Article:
South Manitou Island is part of an island chain in Lake Michigan that extends north to the Straits of Mackinac. The island consists of a ridge of tilted layers of limestone, buried under a blanket of glacial debris. It features unique sand dune formations, 10 miles of pebble beaches and a grove of old growth white cedars that date back over 500 years. The campgrounds lie on sandy soils among younger forests.
Visitors enjoy learning more about the island's rich history at the visitor center and museum in the village; visiting the lighthouse grounds; hiking to unique sand dune formations and old growth cedar forests or along the beach around the island; camping in rustic settings; poking around ghost towns and the old coast guard station outbuildings; or taking a wagon tour to view the giant cedar trees and the Francisco Morazan shipwreck or weaving through the once thriving farm homesteads.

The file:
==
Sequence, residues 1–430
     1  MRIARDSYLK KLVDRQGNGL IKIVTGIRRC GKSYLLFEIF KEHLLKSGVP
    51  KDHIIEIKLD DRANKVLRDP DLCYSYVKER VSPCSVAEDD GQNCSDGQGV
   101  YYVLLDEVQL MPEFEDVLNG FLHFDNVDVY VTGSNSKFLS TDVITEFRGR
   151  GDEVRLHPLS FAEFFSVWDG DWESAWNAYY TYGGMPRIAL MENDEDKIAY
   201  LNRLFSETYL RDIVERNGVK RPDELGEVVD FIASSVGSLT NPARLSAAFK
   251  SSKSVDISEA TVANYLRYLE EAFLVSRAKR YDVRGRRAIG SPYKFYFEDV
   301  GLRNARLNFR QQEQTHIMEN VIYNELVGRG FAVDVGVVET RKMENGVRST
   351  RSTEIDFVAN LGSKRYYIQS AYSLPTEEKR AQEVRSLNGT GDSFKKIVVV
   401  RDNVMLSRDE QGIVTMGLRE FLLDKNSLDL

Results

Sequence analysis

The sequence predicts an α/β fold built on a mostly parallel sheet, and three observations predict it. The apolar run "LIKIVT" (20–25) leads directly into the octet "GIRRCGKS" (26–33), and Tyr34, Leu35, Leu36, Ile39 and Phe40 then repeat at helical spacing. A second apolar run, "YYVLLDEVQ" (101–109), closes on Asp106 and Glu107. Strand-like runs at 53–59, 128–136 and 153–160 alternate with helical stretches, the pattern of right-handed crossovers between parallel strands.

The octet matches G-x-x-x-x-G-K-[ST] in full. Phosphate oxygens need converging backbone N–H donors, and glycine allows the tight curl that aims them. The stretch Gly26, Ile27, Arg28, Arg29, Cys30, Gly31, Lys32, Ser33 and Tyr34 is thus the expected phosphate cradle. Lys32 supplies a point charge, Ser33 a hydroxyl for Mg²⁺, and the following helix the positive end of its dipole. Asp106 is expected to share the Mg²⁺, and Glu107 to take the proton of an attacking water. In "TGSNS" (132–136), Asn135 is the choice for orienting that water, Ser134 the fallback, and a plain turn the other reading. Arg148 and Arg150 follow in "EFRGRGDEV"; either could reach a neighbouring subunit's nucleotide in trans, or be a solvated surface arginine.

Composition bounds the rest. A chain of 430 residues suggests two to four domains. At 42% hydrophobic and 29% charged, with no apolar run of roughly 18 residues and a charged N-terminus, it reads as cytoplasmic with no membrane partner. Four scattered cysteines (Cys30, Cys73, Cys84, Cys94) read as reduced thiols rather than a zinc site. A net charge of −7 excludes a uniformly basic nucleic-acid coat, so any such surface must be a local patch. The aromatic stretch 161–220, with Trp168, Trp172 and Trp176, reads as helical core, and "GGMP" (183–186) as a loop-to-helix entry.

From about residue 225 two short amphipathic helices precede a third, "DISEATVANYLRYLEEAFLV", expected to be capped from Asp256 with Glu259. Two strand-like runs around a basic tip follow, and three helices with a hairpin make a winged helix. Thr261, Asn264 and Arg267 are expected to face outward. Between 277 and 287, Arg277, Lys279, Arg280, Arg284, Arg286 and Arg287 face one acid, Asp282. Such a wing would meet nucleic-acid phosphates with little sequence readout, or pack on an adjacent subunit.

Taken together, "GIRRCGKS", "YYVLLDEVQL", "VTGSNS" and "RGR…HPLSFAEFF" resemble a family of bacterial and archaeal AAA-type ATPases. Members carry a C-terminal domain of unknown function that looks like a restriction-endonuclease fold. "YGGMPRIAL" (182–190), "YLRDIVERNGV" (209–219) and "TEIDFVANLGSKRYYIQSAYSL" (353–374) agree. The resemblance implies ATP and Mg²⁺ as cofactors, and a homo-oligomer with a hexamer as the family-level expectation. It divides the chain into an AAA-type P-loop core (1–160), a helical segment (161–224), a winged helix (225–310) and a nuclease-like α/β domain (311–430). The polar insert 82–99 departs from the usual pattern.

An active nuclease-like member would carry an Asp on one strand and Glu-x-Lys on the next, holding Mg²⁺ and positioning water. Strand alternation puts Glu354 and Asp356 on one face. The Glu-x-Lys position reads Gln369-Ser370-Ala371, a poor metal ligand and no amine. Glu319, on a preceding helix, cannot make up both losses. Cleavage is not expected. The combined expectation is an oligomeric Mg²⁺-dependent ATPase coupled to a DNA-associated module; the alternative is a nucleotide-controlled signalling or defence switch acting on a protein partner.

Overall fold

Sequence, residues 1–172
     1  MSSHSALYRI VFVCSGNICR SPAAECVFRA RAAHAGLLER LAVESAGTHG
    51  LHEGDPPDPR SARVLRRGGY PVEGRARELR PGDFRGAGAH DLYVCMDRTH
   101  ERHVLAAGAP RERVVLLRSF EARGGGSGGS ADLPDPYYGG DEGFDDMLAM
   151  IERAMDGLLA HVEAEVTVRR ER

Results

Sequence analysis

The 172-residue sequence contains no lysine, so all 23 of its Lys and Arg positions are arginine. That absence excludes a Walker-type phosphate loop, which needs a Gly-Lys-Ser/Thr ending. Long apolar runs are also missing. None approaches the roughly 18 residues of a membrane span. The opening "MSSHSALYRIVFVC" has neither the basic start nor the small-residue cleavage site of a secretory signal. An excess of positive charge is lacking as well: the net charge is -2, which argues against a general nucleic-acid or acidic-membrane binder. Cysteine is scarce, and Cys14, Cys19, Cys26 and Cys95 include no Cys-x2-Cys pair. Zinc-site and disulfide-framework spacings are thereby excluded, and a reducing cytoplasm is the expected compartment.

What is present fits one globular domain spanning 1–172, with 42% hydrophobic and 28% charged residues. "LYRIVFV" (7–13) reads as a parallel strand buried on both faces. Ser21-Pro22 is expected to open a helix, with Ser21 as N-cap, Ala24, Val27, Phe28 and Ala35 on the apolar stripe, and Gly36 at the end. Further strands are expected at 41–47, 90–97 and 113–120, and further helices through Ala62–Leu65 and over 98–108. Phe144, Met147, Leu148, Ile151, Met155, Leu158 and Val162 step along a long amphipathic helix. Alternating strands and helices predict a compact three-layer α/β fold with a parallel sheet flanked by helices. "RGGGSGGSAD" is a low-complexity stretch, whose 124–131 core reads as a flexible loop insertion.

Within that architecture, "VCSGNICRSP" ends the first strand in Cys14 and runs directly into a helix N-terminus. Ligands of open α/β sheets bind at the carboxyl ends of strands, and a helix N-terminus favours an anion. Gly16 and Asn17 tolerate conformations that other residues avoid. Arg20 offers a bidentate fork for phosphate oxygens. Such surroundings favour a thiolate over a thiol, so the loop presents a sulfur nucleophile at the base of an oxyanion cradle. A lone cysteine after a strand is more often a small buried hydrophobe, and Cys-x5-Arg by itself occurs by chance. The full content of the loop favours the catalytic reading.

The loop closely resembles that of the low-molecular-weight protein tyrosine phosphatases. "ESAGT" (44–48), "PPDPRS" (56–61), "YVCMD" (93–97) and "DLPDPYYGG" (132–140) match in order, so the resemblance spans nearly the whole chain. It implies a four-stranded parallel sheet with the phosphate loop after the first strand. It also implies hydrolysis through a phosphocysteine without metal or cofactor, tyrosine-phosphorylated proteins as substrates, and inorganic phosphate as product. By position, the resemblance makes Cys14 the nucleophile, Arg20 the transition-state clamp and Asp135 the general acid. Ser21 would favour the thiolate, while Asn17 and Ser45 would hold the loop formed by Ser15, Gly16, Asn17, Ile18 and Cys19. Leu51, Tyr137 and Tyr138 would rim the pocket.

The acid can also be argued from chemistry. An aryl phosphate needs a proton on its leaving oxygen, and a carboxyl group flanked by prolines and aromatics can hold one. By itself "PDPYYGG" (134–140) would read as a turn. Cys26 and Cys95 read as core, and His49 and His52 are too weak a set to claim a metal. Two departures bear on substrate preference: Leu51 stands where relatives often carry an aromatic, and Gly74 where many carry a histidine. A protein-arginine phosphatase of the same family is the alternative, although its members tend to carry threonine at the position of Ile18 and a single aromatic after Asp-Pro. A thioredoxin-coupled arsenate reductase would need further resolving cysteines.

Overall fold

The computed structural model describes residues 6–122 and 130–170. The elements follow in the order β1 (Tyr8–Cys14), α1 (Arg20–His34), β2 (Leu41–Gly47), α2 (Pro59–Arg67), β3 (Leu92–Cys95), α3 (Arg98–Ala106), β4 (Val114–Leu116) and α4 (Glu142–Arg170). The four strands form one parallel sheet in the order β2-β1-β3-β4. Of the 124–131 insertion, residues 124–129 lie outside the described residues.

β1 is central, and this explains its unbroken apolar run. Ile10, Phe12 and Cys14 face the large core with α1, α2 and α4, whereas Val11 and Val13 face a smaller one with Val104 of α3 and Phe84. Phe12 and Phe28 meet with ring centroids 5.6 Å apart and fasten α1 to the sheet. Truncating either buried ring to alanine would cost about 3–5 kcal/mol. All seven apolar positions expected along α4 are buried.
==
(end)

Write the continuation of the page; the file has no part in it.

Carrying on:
The island dunes are a fragile environment, so please stay on existing paths and avoid stepping on plants. As is the grove of virgin white cedar trees: one of the fallen trees showed 528 growth rings, dating its existence to before Columbus.
The Manitou Passage State Underwater Preserve was established in 1988 to conserve the historic and archeological value of over fifty known shipwreck sites, dating from 1835 to 1960. For more information about the preserve, contact a park ranger. These sites are protected by state and/or federal law.